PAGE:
Women not having children historically bothers authority. And while they may do so for myriad reasons today, as more and more women follow suit and cite the environment as the cause, it will be interesting to see what happens: whether politicians, apparently deaf to the marches, petitions and scientists, will listen to prospect of our hollow wombs.
Friday 4th October 2013 will be an historic day. I know this because it cannot not be. In some ways it's just simple predictive history, in others it's a stirring, a surge or the tremors that result in a tsunami. Either way, it will be an historic day. For on this day that thing will happen that pushes a wedge of change, whether it be in the corridors or power or in the thoughts of the individual.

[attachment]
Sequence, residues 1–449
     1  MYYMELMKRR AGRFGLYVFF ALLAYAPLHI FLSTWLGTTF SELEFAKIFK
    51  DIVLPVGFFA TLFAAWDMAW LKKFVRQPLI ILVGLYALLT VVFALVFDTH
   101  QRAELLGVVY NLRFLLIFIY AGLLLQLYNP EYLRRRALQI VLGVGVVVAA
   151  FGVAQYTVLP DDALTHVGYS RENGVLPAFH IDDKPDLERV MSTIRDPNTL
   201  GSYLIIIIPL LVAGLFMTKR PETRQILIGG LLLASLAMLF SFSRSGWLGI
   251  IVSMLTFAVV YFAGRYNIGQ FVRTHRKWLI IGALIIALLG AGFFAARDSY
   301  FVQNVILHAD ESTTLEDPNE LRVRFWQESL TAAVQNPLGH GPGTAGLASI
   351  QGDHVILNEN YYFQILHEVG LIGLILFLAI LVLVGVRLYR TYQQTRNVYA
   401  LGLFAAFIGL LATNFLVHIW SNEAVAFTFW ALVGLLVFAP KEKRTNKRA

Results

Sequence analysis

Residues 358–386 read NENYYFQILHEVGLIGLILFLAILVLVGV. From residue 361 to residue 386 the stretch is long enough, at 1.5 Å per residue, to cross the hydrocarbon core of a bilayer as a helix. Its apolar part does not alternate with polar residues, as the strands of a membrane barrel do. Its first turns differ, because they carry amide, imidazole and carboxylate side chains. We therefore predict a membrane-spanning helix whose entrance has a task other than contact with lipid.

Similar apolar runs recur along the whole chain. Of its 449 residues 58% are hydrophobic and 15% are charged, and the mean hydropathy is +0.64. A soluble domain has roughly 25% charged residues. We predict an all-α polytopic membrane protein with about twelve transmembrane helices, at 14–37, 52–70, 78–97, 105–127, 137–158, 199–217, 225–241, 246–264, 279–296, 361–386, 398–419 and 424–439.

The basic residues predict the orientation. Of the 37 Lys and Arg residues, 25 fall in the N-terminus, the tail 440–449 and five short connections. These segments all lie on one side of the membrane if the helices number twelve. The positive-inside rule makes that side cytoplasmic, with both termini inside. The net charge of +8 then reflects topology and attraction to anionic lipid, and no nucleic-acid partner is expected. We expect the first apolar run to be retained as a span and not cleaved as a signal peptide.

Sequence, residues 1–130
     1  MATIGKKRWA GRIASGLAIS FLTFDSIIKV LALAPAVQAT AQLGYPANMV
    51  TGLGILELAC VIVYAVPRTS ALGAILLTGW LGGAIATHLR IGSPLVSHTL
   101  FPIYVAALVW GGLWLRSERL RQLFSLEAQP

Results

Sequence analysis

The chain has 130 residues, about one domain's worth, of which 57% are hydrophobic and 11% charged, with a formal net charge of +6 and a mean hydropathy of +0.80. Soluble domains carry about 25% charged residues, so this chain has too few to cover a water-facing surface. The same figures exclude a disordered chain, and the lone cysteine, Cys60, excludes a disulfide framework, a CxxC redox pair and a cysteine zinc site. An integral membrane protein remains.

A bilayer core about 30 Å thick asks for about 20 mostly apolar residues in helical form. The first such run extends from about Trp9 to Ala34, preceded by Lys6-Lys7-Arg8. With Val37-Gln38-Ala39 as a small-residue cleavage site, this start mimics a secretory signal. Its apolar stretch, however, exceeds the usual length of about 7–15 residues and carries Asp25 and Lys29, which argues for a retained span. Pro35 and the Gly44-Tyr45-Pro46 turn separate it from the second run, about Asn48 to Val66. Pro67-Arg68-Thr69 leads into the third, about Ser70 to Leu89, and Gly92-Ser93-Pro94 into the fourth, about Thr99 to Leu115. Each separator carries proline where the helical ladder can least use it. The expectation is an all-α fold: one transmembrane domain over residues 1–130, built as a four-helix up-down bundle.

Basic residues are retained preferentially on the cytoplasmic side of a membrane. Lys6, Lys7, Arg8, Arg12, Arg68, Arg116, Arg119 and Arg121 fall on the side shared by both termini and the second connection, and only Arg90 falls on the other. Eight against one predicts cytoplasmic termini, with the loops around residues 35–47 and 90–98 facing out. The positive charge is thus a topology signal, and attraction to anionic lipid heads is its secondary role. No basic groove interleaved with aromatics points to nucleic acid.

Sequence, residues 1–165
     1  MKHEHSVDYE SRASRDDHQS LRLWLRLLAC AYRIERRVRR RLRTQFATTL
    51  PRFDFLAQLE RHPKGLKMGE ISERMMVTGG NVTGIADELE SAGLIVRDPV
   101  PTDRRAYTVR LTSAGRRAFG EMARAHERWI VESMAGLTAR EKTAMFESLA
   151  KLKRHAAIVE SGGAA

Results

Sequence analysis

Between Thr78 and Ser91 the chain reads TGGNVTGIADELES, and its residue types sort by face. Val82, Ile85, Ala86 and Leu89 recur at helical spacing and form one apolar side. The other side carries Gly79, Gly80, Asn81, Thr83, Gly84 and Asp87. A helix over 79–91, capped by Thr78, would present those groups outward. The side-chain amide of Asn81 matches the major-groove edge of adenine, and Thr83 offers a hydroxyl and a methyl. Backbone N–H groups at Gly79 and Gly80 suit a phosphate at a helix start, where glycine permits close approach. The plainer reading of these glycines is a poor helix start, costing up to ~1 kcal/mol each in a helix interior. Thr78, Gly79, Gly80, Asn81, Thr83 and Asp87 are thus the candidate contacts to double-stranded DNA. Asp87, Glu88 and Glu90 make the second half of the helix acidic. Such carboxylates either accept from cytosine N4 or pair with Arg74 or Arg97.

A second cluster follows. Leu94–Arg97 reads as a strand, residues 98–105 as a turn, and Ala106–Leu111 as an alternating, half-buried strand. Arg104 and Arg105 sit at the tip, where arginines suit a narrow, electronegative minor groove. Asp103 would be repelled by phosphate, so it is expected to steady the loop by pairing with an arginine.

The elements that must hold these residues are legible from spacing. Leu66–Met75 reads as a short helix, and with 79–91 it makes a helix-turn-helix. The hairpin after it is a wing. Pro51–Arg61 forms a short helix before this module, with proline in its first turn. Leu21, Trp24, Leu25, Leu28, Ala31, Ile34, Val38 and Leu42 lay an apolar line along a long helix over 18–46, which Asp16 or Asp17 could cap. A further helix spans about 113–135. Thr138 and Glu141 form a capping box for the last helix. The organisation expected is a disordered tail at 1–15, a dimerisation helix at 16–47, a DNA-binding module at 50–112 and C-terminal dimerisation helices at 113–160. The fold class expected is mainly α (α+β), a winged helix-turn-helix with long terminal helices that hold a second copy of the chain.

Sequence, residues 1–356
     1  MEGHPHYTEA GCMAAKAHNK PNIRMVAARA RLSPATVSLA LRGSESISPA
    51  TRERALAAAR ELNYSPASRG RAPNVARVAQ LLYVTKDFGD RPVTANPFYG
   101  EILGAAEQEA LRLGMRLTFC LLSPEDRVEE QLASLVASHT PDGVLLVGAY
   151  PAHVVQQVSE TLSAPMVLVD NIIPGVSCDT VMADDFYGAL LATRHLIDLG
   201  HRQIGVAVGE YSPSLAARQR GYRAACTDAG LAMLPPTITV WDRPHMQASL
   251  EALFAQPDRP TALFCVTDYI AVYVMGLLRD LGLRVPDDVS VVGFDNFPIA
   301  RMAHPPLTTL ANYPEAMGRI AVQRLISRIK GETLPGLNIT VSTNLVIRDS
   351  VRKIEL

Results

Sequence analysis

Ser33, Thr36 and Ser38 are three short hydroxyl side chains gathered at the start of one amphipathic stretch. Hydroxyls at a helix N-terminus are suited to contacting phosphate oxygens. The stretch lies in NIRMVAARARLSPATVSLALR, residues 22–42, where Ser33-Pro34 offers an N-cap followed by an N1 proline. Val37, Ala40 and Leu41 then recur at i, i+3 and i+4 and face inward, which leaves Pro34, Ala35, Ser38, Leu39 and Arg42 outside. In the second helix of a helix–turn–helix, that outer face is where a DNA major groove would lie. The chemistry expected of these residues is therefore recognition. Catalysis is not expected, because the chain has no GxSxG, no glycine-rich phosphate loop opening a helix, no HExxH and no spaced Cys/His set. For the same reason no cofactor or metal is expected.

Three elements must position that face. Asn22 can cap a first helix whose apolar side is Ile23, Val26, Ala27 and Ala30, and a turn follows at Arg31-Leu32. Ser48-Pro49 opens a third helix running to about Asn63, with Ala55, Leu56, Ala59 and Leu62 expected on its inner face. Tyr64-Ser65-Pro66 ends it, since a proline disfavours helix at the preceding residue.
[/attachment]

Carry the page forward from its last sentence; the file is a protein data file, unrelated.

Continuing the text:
Like any country with a reputation for extremism, it's history will always be judged on the actions of extremists. The usual saying that history is judged by the victors does not yet apply to Northern Ireland, as it sometimes seems that the state of conflict has never really ended in the minds of much of its population.
Last week more than 50,000 landless poor people from all over India set off on a long walk to demand their rights to land and resources. Their journey will take them over 200 miles from the carved stone pillars demarcating the exit of Mela Exhibition Grounds in Gwalior, all the way down the national highway to India's national parliament in Delhi.